Why ‘GP burnout’ is as relevant as ‘moral injury’
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Why ‘GP burnout’ is as relevant as ‘moral injury’

In a recent video, healthcare commentator Dr Z claimed we need to stop talking about ‘GP burnout’ and focus more on the concept of ‘Moral Injury.’

MedicalDirector’s Chief Clinical Advisor and GP, Dr Charlotte Middleton, argues that GP burnout is still very much relevant, and that we shouldn’t discount it as a pressing issue for the health industry.

What is moral injury?  

According to Dr Z, moral injury arises when healthcare professionals have certain values when they enter the profession, and then face a range of onsite pressures and traumatic experiences that knocks or ‘injures’ their morals and values. For instance, how a patient’s insurance or socio-economic status, can affect the level of care a health professional can provide a patient. As a result, he argues healthcare professionals realise they can’t deliver what they thought they would in terms of ideal patient-centric health care, which leaves them feeling disillusioned and ‘morally injured’.

It is this phenomenon, he says, that’s often misconstrued as ‘burnout’, which is why he argues we need to focus more on addressing moral injury within the industry, and stop confusing it with the concept burnout.

Why GP burnout is still relevant

Moral injury is just one of many of the things healthcare professionals experience and it forms part of a wider ambit of personal, emotional and psychological challenges that we can go through if we don’t feel supported. Yes, we can feel moral injury, but we can also experience fatigue, depression, stress, anxiety – and burnout.

Expectations as a health professional in what we hope to achieve, how we envision what ‘ideal’ healthcare looks like from those early years as a student, and the reality of the day-to-day challenges of patient care, can leave us feeling disillusioned. Unsupported, it can wear us down mentally and physically, and more often than not, it’s a daily struggle.

The issue is compounded by the fact that most doctors are high achievers or type A personalities, so when we’re not achieving a certain standard or meeting our own expectations of success, we can quickly feel like failures. Every day, we go home feeling we haven’t reached our potential in achieving our ‘ideal’ standard of health care, if we’re working in a system doesn’t support that. From the very early years, we’re expected to work at a very high level – and put in extremely long hours. If this is against a backdrop of administrative inefficiencies and lack of peer support, it’s no wonder that over time, this ends up eroding away at us, impacting our mental and physical health.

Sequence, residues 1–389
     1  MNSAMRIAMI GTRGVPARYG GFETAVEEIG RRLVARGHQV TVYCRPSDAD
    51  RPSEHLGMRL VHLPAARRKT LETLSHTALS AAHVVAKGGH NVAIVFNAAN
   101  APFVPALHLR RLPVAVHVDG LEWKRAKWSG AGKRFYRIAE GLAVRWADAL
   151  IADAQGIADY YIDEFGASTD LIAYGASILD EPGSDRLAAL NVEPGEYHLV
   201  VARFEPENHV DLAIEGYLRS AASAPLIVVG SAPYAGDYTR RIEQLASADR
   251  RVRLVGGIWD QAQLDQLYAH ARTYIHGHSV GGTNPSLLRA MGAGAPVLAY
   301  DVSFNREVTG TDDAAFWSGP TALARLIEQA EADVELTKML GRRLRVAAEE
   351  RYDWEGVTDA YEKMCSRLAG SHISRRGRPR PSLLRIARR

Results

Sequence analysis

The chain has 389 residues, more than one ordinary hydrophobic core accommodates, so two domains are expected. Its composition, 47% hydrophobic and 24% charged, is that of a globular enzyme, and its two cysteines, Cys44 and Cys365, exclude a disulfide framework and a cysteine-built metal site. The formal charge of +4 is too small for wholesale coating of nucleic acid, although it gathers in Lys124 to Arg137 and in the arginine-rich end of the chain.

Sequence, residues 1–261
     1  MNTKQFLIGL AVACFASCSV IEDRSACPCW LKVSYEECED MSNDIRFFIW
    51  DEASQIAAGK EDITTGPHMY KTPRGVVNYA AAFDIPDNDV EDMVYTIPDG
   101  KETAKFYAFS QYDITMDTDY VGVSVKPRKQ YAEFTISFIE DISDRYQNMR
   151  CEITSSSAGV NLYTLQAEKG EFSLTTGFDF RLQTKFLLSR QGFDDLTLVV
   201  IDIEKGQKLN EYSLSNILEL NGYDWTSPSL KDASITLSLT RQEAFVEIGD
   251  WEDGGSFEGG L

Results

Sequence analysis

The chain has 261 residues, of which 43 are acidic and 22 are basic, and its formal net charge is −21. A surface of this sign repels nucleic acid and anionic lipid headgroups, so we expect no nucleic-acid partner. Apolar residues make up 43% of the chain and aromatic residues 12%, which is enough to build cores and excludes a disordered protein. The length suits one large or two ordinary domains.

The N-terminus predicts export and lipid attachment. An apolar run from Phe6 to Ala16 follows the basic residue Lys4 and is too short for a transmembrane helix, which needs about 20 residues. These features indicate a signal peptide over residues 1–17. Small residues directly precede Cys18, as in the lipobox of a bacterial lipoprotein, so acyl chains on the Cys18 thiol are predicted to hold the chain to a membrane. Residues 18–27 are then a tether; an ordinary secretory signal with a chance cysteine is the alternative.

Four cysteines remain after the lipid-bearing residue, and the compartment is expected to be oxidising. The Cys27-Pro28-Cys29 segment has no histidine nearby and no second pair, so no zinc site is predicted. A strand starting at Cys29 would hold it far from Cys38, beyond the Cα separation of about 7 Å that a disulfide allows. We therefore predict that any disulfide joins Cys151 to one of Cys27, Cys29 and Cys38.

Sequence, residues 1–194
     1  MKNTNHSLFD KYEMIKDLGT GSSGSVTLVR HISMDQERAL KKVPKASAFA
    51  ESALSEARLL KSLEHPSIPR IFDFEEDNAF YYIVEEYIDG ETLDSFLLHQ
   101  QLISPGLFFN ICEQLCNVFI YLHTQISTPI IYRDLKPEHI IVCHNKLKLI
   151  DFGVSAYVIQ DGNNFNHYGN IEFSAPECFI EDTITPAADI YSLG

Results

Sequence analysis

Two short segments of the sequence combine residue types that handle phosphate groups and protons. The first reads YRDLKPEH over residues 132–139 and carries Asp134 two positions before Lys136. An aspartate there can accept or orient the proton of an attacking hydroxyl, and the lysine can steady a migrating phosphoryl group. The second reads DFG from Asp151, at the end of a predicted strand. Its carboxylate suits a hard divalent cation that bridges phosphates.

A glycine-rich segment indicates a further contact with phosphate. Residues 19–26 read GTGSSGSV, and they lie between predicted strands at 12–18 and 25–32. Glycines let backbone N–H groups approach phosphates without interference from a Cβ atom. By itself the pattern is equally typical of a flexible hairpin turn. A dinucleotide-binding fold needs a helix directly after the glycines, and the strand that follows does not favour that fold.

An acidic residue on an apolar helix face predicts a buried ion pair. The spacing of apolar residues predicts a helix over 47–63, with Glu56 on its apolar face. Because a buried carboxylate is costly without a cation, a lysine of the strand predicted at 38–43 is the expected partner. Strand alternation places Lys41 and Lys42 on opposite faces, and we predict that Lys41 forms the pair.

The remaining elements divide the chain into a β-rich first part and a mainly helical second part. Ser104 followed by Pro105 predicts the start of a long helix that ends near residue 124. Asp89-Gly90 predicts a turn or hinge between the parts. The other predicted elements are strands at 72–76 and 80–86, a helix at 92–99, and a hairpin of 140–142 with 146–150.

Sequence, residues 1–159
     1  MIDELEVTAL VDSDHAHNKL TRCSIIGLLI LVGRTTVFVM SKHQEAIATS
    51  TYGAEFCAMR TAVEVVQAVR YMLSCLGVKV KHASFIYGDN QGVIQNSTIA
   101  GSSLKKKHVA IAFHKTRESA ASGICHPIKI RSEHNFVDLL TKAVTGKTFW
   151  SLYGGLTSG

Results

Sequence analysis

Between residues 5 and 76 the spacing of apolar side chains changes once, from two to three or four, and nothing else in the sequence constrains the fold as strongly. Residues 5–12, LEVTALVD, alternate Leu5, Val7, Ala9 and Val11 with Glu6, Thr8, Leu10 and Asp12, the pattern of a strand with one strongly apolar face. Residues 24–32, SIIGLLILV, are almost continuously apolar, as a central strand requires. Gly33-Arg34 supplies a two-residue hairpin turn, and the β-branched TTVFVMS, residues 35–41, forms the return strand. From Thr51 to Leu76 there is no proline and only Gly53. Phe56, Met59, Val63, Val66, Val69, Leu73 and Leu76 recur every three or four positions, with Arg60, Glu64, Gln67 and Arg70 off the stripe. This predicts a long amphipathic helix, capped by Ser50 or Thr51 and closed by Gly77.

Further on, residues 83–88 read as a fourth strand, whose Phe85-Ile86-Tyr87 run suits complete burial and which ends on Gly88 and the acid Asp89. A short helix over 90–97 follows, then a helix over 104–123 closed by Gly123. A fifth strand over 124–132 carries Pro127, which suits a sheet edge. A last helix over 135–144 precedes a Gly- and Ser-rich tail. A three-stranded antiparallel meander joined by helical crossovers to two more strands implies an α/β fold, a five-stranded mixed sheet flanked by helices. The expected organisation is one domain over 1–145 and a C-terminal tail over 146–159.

Having the right support structure

It’s important we start giving health professionals the right support structures to pave the way in achieving their vision for ‘ideal’ healthcare now, and for the future. Already, we’re seeing the appointments of ‘Wellness Officers’, such as Australia’s first Chief Medical Wellness Officer, Dr Bethan Richards from Sydney Local Health District, whose role is to offer a cultural and systematic change in the hospital system, with the aim of  reducing stress and burnout among junior and senior doctors. It’s the nation’s first wellness program for doctors, based on the world-leading Stanford University model.

While this a fantastic move, it’s still very much an industry exception and not yet the ‘norm’, which demonstrates we still have a long way to go in order to reach the appropriate level of support the wider health community needs.  

Moving away from ‘mandatory reporting’

Compounding the issue further is the concept of mandatory reporting. One of the dangers of mandatory reporting of doctors seeking help for mental health is that it will deter doctors to get the help they really need. Doctors who would otherwise seek help, will fear their treating doctor could report them as a risk to patients.

On top of this, the RACGP’s concern with this legislation is that it puts too much pressure on treating clinicians to decide what issues are significant. If this law passes, treating clinicians may be forced to report things that perhaps do not even need to be reported.

Any situation that discourages medical practitioners from seeking vital help is a bad outcome – not only for the doctor, but also for their patients. Doctors are human beings and have the right and expectation to receive treatment like any other professional, without fear of prejudice. No other profession is subject to these laws – not even those who have public safety in their hands.

How technology can help

The role of technology in all of this is to make life easier for doctors, not harder, so doctors can focus on their patients, and not their paperwork.  With the right systems and process in place, we can efficiently manage our electronic medical records and clinical notes, streamline our workflow and ease the administrative burden on ourselves and our team.

We can re-ignite closer teamwork and real-time collaboration, by leveraging the power of interoperability and the cloud.  Most importantly, we can and offer more flexible and personalised patient care and help achieve what our vision for ‘ideal’ healthcare looks like now, and for the future.